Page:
[WEEKLY MUSING] 6 Tips on Finding Out Mystery Suspects

...because Queen of Mystery

If you've been following my blog for a few months now, you'd probably know that I'm a mystery and crime fiction reader (at least I hope you noticed that). My addiction with crime fiction and mystery thrillers, in general, started when I came across Robert Galbraith's The Cuckoo's Calling. It was a crazy attempt since crime fiction was so out of  my comfort zone then.

Anyway, after reading a decent amount of YA mysteries, mystery-thrillers, crime fictions, and cozy mysteries, I came up with this crazy list.

Always remember that the murderer is always introduced in the first few chapters of the book
You have to keep in mind that the author introduces the suspect in the beginning. In fact, the author introduces key players in the beginning; else your whole analyzation from the beginning will go to waste. In fact, everything done in the beginning will seem pointless if the suspect is introduced in the middle.

I came across a book that tried for a big twist taking the murderer out of no where. He was never mentioned before. It amazed me how the investigator came from nothing to finding the suspect through digging a few more things missed. The road to that 'twist' was interesting but the clues leading to that suspect came up past 50% or 60% of the book. So was like, seriously? It was that lead?

But yeah, not always but most of the times key players are introduced in the beginning. Keep that in mind.

Always suspect the people closes to the murdered
Because why not? Don't we all LOVE twists? And maybe the person closes to the murdered being the murderer is the biggest twist? Then all we'd want to know is why they did it. The suspect/murderer doesn't have to be a family member though. He can be a friend, or a co-worker, or even the really nice neighbor. Just take note that people closes to the murdered usually have the most motives.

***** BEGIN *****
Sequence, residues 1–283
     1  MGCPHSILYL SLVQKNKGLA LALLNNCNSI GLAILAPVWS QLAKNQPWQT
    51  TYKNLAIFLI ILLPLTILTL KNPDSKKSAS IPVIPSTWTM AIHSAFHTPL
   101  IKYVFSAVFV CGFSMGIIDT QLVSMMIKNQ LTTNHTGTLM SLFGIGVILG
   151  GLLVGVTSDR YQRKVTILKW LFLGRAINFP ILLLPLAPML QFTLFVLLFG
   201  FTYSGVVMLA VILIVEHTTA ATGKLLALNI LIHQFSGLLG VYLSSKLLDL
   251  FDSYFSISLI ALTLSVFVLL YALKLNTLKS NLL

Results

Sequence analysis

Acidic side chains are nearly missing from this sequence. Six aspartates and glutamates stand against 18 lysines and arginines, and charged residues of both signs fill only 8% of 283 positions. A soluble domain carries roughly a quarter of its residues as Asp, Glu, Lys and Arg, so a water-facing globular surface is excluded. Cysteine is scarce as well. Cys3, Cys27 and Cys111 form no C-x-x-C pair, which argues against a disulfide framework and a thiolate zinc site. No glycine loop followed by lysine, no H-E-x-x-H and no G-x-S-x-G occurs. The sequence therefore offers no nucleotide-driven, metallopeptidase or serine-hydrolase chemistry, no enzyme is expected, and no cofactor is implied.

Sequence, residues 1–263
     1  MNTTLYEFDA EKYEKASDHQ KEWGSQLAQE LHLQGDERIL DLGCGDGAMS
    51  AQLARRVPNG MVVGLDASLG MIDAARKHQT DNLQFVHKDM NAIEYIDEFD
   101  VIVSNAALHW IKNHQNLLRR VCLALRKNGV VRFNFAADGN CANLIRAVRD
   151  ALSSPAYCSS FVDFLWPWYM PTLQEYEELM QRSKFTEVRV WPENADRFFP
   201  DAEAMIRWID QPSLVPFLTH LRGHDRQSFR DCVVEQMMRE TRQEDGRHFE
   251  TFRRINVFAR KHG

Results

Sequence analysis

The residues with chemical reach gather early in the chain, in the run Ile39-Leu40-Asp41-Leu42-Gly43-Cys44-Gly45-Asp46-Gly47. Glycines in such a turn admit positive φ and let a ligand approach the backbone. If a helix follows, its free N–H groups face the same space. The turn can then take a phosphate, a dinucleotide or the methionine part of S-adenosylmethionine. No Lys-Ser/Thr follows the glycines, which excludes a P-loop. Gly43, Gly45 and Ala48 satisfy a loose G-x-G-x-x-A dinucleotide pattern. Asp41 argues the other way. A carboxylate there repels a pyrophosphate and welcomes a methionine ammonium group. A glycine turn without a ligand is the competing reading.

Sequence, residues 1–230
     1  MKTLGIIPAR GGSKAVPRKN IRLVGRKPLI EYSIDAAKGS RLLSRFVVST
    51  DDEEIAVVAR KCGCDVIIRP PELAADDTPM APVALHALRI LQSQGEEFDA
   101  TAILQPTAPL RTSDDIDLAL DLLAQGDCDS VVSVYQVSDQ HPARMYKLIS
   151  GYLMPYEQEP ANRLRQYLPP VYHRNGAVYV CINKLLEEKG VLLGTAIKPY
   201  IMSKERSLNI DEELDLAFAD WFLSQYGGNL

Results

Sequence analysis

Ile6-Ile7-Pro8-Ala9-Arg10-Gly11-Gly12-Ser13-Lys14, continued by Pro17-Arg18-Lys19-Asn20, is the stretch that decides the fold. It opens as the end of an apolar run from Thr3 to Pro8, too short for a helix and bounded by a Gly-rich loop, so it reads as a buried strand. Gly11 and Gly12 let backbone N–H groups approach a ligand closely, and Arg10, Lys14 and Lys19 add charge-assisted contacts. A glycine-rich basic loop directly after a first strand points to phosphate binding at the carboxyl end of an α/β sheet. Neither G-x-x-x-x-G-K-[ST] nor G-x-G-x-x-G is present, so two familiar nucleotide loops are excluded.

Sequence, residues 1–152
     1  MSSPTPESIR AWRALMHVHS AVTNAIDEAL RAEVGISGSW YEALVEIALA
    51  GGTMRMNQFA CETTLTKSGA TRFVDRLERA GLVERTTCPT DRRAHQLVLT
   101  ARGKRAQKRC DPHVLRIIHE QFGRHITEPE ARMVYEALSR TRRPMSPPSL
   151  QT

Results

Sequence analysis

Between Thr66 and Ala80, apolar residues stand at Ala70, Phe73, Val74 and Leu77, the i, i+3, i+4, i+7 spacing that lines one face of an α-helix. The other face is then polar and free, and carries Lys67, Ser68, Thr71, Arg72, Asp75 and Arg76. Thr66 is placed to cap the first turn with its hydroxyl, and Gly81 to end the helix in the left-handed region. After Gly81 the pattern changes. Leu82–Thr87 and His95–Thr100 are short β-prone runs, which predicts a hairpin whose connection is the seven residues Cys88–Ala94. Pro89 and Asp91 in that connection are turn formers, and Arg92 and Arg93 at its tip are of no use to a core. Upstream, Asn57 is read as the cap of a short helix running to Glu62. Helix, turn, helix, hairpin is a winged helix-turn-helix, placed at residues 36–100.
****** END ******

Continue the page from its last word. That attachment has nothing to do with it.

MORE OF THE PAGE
Always check each character's possible motives
Motives are definitely important and certainly something I shouldn't have to remind you about. Check everyone's motives but do not immediately conclude because you can't really know who can and cannot kill. "Desperate times, desperate measures." In a crime fiction novel, you can probably say that anyone could kill. It doesn't matter how ridiculous their reasons are - cozy mysteries are often like this. Also, never rule out the possibility of 'mental illness.' It could happen but rarely in crime. Possibly, in plain mystery novels.

Just try to keep in mind of everyone's motives, align them with the clues, and remember that there're no stupid motives.

Never immediately trust clues
Because who knows? Maybe the one giving the clues or being interviewed is actually the murderer. They can easily manipulate variables and lead you somewhere else. I'm not saying don't trust everything. Just be very critical and make sure to at least confirm your clues.

I was actually miss lead once. I was so sure of my suspect but one clue given by him stopped me from fully accusing him. I ended up plainly going: ohhhh, good point. never thought of that! - that moment when you know the author really got you! :)

Never trust the POV of an extra character
Just be very critical about the different POVs. Really. When you think that a particular POV is that of the murderer, don't trust it unless he actually said that he killed the victim. This caught me a couple of times already. I always end up saying: I trusted you but you failed me!! But hey, great twist! I love you! - that moment when the author misleads you but still know how to pull it off well.

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The things mentioned above are not always the case but it can be a guide to help you navigate through the crime fiction and mystery thriller world. I'm not an expect though and still have A LOT to read. Give me tips back? :)

Do you like reading mystery novels? Do you often guess who the culprit is? Care to share your own tips on guessing the culprit?

let's connect!
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